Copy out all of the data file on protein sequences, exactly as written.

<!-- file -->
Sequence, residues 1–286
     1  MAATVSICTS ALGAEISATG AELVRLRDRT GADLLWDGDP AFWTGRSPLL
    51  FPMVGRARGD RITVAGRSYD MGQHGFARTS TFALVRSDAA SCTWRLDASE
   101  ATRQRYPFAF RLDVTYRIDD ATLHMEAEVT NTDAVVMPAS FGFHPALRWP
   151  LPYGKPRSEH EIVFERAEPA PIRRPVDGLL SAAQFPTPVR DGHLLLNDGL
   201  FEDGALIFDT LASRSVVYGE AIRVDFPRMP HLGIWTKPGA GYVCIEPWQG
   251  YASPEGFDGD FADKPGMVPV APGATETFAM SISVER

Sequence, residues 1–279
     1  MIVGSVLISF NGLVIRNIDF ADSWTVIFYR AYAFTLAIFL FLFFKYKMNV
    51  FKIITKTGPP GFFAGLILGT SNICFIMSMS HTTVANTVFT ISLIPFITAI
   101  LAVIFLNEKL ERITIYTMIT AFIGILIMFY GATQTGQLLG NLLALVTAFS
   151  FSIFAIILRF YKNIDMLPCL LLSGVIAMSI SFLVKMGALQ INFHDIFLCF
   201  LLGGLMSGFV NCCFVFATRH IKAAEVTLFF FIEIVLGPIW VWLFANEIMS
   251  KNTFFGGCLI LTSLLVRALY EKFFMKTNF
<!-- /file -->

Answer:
Sequence, residues 1–286
     1  MAATVSICTS ALGAEISATG AELVRLRDRT GADLLWDGDP AFWTGRSPLL
    51  FPMVGRARGD RITVAGRSYD MGQHGFARTS TFALVRSDAA SCTWRLDASE
   101  ATRQRYPFAF RLDVTYRIDD ATLHMEAEVT NTDAVVMPAS FGFHPALRWP
   151  LPYGKPRSEH EIVFERAEPA PIRRPVDGLL SAAQFPTPVR DGHLLLNDGL
   201  FEDGALIFDT LASRSVVYGE AIRVDFPRMP HLGIWTKPGA GYVCIEPWQG
   251  YASPEGFDGD FADKPGMVPV APGATETFAM SISVER

Sequence, residues 1–279
     1  MIVGSVLISF NGLVIRNIDF ADSWTVIFYR AYAFTLAIFL FLFFKYKMNV
    51  FKIITKTGPP GFFAGLILGT SNICFIMSMS HTTVANTVFT ISLIPFITAI
   101  LAVIFLNEKL ERITIYTMIT AFIGILIMFY GATQTGQLLG NLLALVTAFS
   151  FSIFAIILRF YKNIDMLPCL LLSGVIAMSI SFLVKMGALQ INFHDIFLCF
   201  LLGGLMSGFV NCCFVFATRH IKAAEVTLFF FIEIVLGPIW VWLFANEIMS
   251  KNTFFGGCLI LTSLLVRALY EKFFMKTNF